Thought experiment: imagine BA had removed all booze from lounges and aircraft for Lent, and was going to donate the money saved to Flying Start.

A good idea?
I think you are right. I was in F lounge at LHR ten days ago. I got in about 5 30 pm. I watched a large amount of suited up guys, all who have the big gold tag prominently showing DYKWIA. They are usually in lounge for about 20 mins and seem hell bent of snorting a large amount of strong booze in a very short space of time. I find it hilarious they way they eye each other up and down like strutting peacocks. Oh and dont forget the compulsory phone call to advise your friends you are in the F lounge not the business lounge.
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Old Apr 8, 15, 1:07 am
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Originally Posted by shorthauldad View Post

Thought experiment: imagine BA had removed all booze from lounges and aircraft for Lent, and was going to donate the money saved to Flying Start.

A good idea?
I'd support this.

I don't get the obsession with booze in airport lounges. We'll look back on it as an anachronism one day.
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Old Apr 8, 15, 1:18 am
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Smelling aside , I suspect because people perceive it to be 'free' and indulge more than they might ordinarily. Certainly when I was young and flying I drank more than I would at home. But even now I probably drink a little bit more simply because it's not something I do too often, which shows in not being able to keep up with a younger me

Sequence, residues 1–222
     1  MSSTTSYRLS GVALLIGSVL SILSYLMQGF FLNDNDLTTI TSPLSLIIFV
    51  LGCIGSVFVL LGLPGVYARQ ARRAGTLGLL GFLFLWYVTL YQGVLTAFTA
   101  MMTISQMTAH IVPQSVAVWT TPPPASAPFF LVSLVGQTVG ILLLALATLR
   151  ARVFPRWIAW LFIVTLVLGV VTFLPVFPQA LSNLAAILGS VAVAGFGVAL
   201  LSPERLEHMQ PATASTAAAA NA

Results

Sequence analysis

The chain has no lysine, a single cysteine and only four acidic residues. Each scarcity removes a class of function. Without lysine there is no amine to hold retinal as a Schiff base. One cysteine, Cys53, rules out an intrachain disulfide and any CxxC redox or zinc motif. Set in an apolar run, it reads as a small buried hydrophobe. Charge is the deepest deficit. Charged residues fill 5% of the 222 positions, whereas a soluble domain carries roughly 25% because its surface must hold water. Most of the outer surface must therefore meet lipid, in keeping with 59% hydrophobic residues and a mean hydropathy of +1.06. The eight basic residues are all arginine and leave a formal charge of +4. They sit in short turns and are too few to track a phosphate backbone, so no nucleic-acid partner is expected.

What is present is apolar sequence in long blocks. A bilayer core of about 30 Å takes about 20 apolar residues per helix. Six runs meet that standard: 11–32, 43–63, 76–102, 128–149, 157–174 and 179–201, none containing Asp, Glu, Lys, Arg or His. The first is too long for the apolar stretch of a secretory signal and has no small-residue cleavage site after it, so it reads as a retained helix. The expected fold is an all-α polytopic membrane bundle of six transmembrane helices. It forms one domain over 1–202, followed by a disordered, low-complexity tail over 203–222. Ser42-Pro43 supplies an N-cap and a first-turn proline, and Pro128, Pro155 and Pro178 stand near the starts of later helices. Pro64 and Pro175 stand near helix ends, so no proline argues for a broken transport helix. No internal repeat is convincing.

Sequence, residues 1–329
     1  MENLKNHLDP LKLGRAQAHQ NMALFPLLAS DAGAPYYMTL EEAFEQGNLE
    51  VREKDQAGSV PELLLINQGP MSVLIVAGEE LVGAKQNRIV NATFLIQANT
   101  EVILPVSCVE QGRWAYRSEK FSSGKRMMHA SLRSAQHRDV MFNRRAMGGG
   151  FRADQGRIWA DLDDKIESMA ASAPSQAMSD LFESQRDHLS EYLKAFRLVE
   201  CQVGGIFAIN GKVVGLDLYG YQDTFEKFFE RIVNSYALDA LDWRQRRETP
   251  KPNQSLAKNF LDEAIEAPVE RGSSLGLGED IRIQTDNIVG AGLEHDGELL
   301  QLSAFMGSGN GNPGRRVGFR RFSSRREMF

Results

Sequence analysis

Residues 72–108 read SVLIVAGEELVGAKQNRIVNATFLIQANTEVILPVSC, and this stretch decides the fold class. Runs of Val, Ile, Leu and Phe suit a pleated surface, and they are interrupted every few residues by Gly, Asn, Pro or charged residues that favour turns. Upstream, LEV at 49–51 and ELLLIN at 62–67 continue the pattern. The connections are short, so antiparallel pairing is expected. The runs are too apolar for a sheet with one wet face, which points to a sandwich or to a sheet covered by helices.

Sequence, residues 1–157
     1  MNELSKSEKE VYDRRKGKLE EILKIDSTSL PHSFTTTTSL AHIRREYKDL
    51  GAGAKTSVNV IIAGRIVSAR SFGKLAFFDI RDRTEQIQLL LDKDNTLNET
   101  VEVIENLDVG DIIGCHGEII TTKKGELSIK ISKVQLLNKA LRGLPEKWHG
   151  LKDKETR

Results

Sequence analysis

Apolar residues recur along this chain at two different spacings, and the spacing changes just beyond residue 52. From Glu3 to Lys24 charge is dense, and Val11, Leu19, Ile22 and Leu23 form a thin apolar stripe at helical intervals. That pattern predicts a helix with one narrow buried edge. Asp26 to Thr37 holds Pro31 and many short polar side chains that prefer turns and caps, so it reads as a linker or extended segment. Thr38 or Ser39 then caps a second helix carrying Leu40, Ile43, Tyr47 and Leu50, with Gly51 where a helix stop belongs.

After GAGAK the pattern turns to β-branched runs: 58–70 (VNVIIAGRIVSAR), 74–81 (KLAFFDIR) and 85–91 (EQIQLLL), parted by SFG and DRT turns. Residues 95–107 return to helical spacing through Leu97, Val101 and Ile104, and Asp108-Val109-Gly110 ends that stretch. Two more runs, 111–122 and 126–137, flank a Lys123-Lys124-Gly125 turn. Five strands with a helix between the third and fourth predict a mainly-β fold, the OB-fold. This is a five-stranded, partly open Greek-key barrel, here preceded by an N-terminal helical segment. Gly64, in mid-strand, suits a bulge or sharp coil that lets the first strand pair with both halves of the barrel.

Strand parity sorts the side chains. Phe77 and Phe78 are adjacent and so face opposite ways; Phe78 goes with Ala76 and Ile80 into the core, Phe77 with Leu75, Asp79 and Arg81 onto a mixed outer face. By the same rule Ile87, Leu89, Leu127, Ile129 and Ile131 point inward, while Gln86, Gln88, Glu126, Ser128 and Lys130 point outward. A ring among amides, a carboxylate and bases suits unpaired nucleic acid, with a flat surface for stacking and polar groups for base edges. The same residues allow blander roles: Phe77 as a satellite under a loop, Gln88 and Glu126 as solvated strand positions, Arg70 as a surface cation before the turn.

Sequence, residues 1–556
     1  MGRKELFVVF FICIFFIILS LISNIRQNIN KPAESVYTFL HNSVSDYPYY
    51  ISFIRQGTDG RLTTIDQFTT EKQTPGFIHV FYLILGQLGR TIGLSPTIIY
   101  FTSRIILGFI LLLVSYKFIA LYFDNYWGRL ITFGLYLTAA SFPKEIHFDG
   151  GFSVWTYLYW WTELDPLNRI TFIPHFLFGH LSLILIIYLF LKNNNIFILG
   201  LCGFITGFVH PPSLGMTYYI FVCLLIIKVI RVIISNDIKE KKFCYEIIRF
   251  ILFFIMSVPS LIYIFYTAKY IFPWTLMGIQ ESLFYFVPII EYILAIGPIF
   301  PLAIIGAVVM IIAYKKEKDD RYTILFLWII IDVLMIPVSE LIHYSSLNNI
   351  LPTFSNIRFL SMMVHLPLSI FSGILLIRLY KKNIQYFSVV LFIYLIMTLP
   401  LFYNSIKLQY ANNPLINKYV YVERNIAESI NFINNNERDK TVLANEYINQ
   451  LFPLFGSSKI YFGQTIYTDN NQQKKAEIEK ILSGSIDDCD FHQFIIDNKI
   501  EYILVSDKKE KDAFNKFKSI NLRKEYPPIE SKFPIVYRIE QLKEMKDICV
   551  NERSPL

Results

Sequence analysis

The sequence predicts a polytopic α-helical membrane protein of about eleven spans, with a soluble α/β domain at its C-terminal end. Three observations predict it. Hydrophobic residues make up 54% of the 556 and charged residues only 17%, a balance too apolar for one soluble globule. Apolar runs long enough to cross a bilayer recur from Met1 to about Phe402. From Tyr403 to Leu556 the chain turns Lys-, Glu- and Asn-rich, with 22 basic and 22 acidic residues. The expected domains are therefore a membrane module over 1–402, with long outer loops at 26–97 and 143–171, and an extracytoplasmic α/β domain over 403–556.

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Old Apr 8, 15, 1:23 am
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I also doubt the OP can smell with such sensitivity he can tell how much alcohol someone has drunk !!

I tend to drink a fair amount for a number of reasons:

1) Its free, why not
2) I get the chance to try some wines I dont normally have acces to
3) It helps me sleep on long hauls
4) I enjoy it and it does others no harm
5) none of your business
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Old Apr 8, 15, 1:23 am
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Originally Posted by shorthauldad View Post

Thought experiment: imagine BA had removed all booze from lounges and aircraft for Lent, and was going to donate the money saved to Flying Start.

A good idea?
Yes, why not

It'll be fun to watch a lot of people in a state of rage.